Title: Anaesthesia for scoliosis correction surgery complicated by severe recalcitrant bradycardia upon prone positioning in an adolescent with Prader-Willi syndrome
Journal Title: Southern African Journal of Anaesthesia and Analgesia
Volume: Volume 19
Issue: Issue 3
Publication Date: January 2013
Start Page: 171
End Page: 173
Published online: 12 Aug 2014
Author: I Conrick-Martin FCAI, MCRPI, FJFICMI Specialist Registrar in Anaesthesiaa*, CM Walshe FCAI, FJFICMI Consultant Anaesthetistb, K Carson MD, FFARCSI, FJFICMI Consultant Anaesthetist and Intensivista, D McCormack FRCS, MCh Consultant Orthopaedic Surgeonc & K O'Brien FFARCSI Consultant Anaesthetista
a Department of Anaesthesia, Intensive Care and Pain Medicine, Children's University Hospital, Temple Street, Dublin, Ireland.
b Department of Anaesthesia and Intensive Care Medicine, Beaumont Hospital, Dublin, Ireland
c Department of Orthopaedic Surgery, Children's University Hospital, Temple Street, Dublin, Ireland
Abstract: A 13-year-old adolescent presented for correction of an 85-degree idiopathic thoracic scoliosis. She was known to have Prader-Willi syndrome. Previous general Anaesthesia for non-spinal surgery had been uneventful. On two occasions following uneventful induction and total intravenous Anaesthesia (TIVA) maintenance, she developed severe recalcitrant bradycardia with hypotension that was resistant to anticholinergics, inotropes and vasopressors upon prone positioning. Immediate resolution occurred upon a return to the supine position. On each occasion, she emerged from Anaesthesia with no untoward sequelae. Cardiac investigations, including echocardiography, electrocardiography (ECG), troponin and creatine kinase-MB fraction levels were all within the normal range, and ventricular function was good. It was necessary to urgently proceed with the surgery as the scoliosis was progressive, with risks of cardiovascular and respiratory compromise. Additionally, she was scheduled to recommence growth hormone therapy postoperatively to treat her growth retardation. Ultimately, she received propofol for induction of Anaesthesia and TIVA with propofol and remifentanil infusions for the maintenance of Anaesthesia. Post-induction, a transvenous pacing wire was placed under ECG guidance. A transoesphageal probe was inserted and cardiac function monitored throughout the procedure. Upon prone positioning, she again developed a bradycardia which responded to pacing and surgery was carried out uneventfully. Clinical examination and extensive investigations had failed to demonstrate any specific underlying cause for her repeated positional arrhythmia. Therefore, we deduced that the bradycardia was due to a hypervagal response provoked by prone positioning and because of the severity of the scoliosis. We are unaware of reports of such a complication in the literature.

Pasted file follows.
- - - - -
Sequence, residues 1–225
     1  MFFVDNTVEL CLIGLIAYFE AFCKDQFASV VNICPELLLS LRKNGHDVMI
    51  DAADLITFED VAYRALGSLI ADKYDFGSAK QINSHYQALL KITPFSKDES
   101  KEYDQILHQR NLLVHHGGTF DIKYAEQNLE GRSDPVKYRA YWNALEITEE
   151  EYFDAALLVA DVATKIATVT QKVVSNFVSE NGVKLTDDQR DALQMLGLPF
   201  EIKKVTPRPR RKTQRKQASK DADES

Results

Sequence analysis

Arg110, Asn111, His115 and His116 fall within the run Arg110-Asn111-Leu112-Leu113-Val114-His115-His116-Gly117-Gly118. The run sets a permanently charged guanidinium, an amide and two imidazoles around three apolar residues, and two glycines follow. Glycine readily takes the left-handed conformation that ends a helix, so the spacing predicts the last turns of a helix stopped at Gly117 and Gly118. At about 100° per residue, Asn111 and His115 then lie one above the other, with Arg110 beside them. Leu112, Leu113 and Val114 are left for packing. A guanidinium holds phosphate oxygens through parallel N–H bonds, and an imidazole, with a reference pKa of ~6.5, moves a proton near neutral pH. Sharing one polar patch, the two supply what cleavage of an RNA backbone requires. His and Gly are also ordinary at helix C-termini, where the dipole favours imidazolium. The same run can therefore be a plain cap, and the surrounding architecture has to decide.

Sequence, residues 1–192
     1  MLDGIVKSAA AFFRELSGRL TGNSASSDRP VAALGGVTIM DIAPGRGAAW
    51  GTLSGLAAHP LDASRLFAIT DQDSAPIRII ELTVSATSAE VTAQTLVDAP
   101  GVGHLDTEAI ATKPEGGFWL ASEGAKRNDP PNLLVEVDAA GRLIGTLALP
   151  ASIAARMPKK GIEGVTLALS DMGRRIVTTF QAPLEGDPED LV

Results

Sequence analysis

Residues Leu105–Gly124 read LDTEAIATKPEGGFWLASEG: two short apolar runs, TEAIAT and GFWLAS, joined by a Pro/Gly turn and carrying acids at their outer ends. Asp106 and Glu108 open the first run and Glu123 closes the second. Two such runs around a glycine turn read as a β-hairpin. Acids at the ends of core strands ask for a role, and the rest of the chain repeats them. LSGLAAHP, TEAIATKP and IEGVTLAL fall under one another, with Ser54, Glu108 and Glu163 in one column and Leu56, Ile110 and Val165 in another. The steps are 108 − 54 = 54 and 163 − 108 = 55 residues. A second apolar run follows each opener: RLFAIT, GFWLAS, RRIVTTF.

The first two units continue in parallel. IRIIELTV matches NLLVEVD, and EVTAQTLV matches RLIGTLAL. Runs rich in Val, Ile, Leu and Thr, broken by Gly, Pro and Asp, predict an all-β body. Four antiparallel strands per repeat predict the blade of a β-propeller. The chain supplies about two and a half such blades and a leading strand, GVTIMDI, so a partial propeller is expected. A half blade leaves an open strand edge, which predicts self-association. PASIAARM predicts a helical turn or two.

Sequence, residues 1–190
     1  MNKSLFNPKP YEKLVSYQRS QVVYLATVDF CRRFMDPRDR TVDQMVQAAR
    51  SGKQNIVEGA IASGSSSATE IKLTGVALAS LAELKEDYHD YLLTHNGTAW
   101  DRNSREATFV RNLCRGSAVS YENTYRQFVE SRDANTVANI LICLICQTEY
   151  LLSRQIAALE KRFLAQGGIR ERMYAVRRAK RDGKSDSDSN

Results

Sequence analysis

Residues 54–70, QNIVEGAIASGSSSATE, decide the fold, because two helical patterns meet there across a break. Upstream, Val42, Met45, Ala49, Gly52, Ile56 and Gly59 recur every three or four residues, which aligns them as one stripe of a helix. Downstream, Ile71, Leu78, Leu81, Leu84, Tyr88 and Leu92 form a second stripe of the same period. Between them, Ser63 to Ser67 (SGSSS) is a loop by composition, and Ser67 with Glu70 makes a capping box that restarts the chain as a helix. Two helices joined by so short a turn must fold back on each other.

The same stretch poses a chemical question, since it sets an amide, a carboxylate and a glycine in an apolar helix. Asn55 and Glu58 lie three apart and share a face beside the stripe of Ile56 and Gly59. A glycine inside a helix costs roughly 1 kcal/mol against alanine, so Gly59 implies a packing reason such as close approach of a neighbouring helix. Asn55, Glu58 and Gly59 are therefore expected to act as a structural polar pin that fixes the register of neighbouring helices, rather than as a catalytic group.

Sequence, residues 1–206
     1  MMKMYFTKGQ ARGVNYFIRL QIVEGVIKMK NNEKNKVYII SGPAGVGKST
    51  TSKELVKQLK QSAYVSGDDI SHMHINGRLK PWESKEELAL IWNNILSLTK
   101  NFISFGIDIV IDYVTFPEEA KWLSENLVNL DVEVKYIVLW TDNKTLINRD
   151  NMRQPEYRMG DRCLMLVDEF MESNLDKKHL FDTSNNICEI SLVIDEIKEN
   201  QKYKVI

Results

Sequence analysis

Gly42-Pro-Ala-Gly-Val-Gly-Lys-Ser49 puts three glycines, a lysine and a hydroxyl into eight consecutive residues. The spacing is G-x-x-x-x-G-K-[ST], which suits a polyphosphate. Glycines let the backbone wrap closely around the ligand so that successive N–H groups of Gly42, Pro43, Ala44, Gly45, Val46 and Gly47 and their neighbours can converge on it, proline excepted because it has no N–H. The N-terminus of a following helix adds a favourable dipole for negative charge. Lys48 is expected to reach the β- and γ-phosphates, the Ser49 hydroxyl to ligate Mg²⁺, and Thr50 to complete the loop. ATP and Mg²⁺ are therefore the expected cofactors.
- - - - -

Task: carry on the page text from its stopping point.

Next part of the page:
Accepted: 4 Mar 2013
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